A Literary Romance
Two lives are interwoven across time.
The moon grows full tomorrow at the penultimate degree of the zodiac to herald the coming equinox. Night grows longer.
Persephone is damn tired and ill-tempered. She’s leaving early, ready to shrug off the birthing work of the field. The Goddess casts down her seeds, takes up her torch, and returns underground into welcome darkness. Comes the cusp of the fallow season.
Tomatoes gathered and stacked on the table before the rain forecast finally arrives to split their skins. Squash and feathers. Clusters of dusky grapes. Rain came, crowned by thunder, fast and fierce and flooded the street.
A cusp is a pointed end where two curves meet. Such a cusp is seen in the pointed ends of a crescent moon, the lip of yet another precipice, molting away one cracked skin for another.
I remember rain.
Wildfire smoke is pushed by a high-pressure bellows to the east, dispersed again when the wind changes to pull marine flow from the Pacific. The grass crunches underfoot; the hill is a tangled warren of burrs and foxtail, all things sere and seeding. Weary of drought and heat, wonder at the prodigious flooding in the east, scanning the sky for rain before the west is ash and withered bone. The cracks in the earth grow wider.
Birch and locus leaves float on the surface of the scrying bowls clouded with wasps. A fresh pail of water set out on the hillside every day during these three months of drought for birds and wild night creatures is drained or toppled by morning. At first, while a trickle of water remained in the creek, they eschewed the metal bucket. Now they depend upon it.
The garden presses to her longed-for languishment and release. The grapes are ripe. The tomatoes sigh and sag under a harvest of Romas, Brandywines, and Sungolds.
The zucchini, the courgette, the green summer squash the Greeks call kolokithia, now dominates the terraced beds and relentlessly births thick heavy fruit. Somehow, through camouflage or inattention, great squash clubs grow overnight. With their large seeds muffled in pulp, these giants are useful only as filling for nut bread, fritters, muffins, or pita. Shred the flesh against the box grater and squeeze out the water between two cotton kitchen cloths while resolving to pick the smaller squash before they transform.
At least the flesh is mild, versatile, and forgiving–
A zucchini cake filled with crushed pineapple and coconut, finished with a buttermilk glaze; oatmeal muffins studded with blueberries, kolokithia scraped and broiled stuffed with tomatoes, feta, and breadcrumbs; slices layered with potato, onion, and tomatoes, bathed in olive oil and baked into Briam; stewed with fresh bay leaves, eggplant, tomatoes, and olives to eat on crusty bread; sautéed in a frittata sprinkled with goat cheese and topped with yet more tomato.
Hungry for a change of season, I remember rain.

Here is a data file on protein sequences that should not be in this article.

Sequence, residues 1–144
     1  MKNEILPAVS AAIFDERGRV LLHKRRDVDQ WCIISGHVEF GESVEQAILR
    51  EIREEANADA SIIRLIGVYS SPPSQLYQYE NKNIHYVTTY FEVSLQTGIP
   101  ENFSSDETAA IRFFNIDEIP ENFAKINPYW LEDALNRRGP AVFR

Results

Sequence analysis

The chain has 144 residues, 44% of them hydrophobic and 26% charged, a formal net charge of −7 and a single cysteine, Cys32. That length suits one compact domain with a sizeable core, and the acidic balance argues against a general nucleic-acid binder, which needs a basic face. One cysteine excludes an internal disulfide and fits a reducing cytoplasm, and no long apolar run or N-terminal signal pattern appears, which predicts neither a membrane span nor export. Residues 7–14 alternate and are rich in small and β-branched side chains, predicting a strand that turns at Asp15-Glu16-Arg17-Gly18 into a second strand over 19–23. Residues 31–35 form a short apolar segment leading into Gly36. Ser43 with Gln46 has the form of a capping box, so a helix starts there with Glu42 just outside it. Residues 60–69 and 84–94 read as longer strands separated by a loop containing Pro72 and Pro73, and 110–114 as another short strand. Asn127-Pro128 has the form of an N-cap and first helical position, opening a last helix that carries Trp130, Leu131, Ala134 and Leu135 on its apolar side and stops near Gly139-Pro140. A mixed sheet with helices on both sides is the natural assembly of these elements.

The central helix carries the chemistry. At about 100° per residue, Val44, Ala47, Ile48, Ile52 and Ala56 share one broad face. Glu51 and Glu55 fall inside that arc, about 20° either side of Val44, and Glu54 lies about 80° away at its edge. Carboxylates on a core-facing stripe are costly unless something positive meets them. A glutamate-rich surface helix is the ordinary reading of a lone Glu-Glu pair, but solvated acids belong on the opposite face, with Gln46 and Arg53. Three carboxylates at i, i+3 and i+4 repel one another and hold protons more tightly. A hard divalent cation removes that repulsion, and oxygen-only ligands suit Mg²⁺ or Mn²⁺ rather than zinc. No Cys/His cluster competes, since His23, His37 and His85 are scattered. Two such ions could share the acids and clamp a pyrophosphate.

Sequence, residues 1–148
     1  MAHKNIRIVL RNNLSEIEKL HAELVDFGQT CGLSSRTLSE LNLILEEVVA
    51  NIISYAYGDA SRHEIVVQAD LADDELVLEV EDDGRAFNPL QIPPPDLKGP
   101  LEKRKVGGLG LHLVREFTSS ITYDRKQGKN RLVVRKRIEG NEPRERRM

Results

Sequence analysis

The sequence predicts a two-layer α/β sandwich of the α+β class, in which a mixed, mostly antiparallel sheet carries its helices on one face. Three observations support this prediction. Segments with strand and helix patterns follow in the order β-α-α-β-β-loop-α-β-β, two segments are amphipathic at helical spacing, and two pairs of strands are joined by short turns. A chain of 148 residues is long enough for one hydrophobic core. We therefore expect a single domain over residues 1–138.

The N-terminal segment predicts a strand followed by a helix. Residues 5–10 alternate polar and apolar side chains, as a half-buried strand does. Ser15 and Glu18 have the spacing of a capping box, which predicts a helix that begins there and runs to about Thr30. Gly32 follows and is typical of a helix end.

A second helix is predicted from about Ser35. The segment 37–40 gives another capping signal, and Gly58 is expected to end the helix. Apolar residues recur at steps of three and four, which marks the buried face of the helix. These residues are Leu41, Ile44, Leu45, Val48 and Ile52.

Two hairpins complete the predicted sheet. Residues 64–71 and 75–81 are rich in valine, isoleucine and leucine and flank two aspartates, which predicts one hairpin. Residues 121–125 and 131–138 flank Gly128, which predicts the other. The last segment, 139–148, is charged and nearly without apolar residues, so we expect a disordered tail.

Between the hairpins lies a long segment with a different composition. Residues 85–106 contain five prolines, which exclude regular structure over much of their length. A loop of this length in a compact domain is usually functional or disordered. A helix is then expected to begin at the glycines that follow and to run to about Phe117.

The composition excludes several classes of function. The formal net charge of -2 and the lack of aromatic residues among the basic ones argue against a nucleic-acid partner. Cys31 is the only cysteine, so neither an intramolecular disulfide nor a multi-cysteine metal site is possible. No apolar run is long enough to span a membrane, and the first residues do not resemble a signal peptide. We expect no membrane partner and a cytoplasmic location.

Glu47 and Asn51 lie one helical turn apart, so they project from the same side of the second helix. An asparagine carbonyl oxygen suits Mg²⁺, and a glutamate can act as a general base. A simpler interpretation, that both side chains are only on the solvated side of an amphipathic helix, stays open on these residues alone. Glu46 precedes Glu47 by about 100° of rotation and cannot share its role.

Like Shrek with his gourd green head, this thirteen-pound watermelon watered by the Columbia River, ripened outside Hermiston, was trucked west to the valley to be sliced open with a wide sharp blade; it’s bigger than a man’s head, this, the size of an ogre’s, rich in sticky red juice flooding the sluice etched into the cutting board.
Hum-sing the theme chorus “Accidentally in Love” from the second Shrek film, cube the flesh, and suck the nectar from the board. Come on, come on/Turn a little faster-
The first dangerous slice along the scalp steadies the rocking. Then carving rind shells away along the broad curve until the melon is flayed raw and crimson. Come on, come on/The world will follow after-
This is nature’s Gatorade, this sweet pink water. Chop the rind to set out on the hill for the doe still nursing spotted twin fawns. The rind is nearly gone by morning, gone by evening. Come on, come on/’Cause everybody’s after love.
Drought and wildfire, smoke and thunder, cracked earth and dying trees: Only the moon can bring rain, and who can rule her?
There are thresholds before and after, an Old English word with Norse roots. A threshold defines the barrier or bar used to contain the threshed matter lining dirt floored cottages, a boundary to keep the reeds dry within. Some thresholds are as visible as the plank or stone that lies under the door. Others are unnoticed, until they are crossed.
The wild blackberries are ripening early, blistering under this relentless western drought, three weeks before their custom at cross-quarter. In another day or two, the plums will be ripe enough. I’ll pick some low-hanging fruit for a jar of jam before the deer take them all, or they wither on the branch and fall. With the third cutting of rhubarb, I loped off the parasol leaves and washed the thick pink stalks under the hose.
There is no rain in the forecast. The dog is dumbfounded. Last week there was sparse early-morning dew with a phantom scent of rain, little else. We walk early and then I water the garden.
I made a galette, a rough shaggy pastry of almond meal, a stone so-called in the old French. The blueberries went in, the two nectarines I bought that ripened too fast on the counter, a shake of nutmeg and sherry. I dreamed about rain. I dreamed of abalone and mother-of-pearl.